She invariably makes folks break into a smile. A young man with his son in tow tapped on the window. "My grandparents had this same car."
There's mostly happy memories associated with this early 4 x 4 sport utility vehicle. Filled with family, headed for the lake.
Steve, who worked for AMC back in the day, calls her the "Palm Beach Wagon."
To us she's the "Woody."
I've loved this car forever. But there's few left on the road. Corrosion issues sent most of these gentle giants to the scrap yard. Restored versions are the price of a college education.
So when my husband saw the Woody for sale roadside in the upper peninsula, he insisted his colleague turn the car around. Few lucky wives get keys to a rusty wagon for Christmas.
Same kind colleague towed her south along the Mackinac Bridge that spring.
Three years, and a bare-metal restoration later, the old girl's nearly as good as new. But she still smells like 1986--and so does the garage.
The Grand Wagoneer was built by Willys/Kaiser Jeep, American Motors Corporation, and then Jeep from 1963 to 1991. Standard luxury appointments like leather power seats, power side and rear windows, air conditioning, custom wheels, independent front suspension and automatic transmission set it apart from other wagons at the time. As did the price.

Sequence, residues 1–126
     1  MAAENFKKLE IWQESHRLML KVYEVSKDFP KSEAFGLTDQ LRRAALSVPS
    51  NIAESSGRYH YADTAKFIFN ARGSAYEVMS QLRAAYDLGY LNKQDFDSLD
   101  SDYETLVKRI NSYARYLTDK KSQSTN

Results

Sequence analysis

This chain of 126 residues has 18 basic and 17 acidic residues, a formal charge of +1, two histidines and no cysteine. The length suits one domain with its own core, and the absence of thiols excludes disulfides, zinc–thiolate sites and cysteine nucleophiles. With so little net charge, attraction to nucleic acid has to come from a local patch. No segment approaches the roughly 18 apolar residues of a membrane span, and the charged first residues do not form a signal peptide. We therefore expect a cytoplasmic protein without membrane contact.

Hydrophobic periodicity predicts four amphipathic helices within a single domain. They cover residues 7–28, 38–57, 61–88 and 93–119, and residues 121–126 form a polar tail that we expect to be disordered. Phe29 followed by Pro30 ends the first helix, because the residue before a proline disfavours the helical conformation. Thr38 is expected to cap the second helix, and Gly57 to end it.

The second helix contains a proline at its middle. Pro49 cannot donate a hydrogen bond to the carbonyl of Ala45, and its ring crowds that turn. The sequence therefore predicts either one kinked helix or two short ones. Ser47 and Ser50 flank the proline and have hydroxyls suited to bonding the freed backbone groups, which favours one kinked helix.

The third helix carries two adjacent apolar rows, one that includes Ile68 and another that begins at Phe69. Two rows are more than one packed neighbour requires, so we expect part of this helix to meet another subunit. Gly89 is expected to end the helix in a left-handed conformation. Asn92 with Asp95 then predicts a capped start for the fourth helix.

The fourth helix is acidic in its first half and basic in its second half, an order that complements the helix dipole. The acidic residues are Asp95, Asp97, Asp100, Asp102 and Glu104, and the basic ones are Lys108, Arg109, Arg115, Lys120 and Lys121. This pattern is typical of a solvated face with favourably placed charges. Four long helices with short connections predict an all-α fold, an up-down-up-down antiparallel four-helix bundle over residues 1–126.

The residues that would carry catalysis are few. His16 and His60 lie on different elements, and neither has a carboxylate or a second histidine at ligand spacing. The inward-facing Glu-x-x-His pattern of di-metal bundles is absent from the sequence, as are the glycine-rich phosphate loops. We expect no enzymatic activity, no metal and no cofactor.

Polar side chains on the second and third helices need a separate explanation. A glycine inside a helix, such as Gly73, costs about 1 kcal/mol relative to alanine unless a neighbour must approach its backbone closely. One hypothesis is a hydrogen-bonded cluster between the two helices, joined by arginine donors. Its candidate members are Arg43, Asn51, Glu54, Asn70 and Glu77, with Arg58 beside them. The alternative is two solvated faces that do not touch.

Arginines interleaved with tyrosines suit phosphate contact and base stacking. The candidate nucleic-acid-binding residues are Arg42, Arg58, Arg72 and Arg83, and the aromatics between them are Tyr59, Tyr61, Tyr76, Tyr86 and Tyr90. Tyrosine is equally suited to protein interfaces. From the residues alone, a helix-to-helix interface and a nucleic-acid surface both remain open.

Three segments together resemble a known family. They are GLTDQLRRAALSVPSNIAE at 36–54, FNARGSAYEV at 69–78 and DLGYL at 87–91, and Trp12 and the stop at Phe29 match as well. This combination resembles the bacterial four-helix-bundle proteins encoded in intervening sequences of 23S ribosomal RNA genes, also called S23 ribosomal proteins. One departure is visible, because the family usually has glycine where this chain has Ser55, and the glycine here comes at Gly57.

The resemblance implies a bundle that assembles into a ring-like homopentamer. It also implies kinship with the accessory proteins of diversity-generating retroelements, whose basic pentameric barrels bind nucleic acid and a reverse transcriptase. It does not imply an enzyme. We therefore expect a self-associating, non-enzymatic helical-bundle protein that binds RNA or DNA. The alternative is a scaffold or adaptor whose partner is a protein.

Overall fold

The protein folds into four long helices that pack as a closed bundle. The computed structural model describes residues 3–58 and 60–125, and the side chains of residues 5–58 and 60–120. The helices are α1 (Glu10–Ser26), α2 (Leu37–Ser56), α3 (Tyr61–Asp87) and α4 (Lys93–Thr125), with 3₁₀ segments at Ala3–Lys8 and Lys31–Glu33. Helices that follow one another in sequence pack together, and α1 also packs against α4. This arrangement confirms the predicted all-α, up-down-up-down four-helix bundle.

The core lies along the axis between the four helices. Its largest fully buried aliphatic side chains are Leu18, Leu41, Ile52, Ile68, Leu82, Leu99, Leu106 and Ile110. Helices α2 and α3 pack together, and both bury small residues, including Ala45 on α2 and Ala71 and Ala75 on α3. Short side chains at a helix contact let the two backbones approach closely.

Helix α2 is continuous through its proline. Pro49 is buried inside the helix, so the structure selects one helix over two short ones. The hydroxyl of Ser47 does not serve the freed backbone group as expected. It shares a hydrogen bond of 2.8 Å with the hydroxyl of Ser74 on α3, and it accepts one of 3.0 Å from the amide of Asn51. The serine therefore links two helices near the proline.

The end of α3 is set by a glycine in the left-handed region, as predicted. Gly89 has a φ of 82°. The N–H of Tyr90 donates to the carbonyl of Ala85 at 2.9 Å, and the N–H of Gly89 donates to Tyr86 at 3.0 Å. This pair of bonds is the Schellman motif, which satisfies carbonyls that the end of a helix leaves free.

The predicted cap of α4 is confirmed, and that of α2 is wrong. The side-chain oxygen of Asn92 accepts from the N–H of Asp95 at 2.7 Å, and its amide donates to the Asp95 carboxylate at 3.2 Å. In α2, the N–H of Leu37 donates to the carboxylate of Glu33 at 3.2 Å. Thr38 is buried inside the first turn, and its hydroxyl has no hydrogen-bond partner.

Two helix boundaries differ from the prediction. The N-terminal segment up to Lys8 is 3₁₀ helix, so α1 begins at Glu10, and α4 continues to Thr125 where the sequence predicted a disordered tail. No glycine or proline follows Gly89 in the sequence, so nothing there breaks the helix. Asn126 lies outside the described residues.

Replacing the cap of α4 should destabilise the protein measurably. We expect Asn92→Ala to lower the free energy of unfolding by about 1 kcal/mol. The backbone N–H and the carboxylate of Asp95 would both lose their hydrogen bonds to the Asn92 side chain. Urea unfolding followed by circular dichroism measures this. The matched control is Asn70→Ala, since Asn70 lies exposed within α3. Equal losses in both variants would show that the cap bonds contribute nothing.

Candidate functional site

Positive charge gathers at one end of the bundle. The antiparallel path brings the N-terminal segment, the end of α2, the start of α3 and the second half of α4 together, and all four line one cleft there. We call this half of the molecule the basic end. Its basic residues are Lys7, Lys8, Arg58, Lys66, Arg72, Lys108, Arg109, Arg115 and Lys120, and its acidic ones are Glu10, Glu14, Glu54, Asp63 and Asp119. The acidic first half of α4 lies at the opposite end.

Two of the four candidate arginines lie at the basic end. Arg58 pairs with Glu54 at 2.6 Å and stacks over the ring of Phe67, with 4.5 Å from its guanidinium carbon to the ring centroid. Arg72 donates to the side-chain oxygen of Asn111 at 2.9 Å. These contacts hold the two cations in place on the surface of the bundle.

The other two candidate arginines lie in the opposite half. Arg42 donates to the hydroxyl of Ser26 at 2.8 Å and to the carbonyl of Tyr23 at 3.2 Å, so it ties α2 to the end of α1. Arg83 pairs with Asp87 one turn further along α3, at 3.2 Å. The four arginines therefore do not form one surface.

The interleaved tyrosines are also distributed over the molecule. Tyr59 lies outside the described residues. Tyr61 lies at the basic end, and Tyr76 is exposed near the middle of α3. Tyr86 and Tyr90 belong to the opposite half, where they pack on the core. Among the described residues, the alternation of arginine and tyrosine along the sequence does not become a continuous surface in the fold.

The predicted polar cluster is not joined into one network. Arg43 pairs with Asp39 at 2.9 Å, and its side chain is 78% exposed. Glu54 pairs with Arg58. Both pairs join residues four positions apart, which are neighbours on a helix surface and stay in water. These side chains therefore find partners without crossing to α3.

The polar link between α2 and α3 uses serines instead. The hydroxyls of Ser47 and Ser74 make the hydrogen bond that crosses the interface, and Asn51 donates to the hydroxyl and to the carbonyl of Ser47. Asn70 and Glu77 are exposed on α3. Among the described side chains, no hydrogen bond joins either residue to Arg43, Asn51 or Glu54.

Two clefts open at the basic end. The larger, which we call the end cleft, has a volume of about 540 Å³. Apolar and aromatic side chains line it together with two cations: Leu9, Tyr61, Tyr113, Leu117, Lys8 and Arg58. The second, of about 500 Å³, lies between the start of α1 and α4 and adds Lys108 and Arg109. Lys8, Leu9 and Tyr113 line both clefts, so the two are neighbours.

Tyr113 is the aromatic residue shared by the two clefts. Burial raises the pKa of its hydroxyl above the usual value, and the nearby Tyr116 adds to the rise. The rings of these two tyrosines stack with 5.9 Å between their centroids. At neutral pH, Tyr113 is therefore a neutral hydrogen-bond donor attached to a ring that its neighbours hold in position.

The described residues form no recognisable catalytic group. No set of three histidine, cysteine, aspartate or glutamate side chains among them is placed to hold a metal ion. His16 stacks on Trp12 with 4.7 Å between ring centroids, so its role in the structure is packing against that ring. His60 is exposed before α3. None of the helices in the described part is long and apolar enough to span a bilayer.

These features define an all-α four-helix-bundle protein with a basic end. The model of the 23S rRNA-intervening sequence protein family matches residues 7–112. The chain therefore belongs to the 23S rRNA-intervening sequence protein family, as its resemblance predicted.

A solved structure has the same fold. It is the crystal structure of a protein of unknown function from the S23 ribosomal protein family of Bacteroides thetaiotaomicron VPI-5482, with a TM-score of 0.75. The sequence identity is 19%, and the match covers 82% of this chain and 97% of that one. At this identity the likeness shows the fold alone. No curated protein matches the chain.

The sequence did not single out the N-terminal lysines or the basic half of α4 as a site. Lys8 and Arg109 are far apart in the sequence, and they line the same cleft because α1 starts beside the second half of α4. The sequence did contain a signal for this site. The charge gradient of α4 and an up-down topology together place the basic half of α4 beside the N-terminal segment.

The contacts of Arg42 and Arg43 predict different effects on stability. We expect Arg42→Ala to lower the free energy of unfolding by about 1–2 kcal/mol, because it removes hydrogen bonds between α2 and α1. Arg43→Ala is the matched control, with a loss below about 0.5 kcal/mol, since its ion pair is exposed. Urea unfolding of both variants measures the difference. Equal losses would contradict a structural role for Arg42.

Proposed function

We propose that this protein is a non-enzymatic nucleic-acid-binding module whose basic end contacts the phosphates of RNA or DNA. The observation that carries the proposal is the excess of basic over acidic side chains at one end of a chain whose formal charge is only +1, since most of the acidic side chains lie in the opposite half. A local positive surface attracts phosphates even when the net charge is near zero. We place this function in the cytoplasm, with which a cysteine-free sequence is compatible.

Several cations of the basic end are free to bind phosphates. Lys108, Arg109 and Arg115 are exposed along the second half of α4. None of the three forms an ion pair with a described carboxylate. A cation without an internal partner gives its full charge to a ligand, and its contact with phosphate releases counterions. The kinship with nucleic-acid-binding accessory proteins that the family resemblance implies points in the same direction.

On June 21, 1990 the last Grand Wagoneer rolled off the line at the Toledo Assembly Plant with a "Final Edition" Badge on the dash.
The story doesn't end there. Chrysler LLC promises to unveil the new Grand Wagoneer and smaller Wagoneer in 2019 or 2020.
Alleged prototype sightings bear little resemblance to the iconic Woody. But it looks hot. Like a Grand Cherokee and a Range Rover had a child together.
With a rumored price tag of over $100,000, she'll legitimately remain the Palm Beach Wagon.
Hope wood side panels remain an option.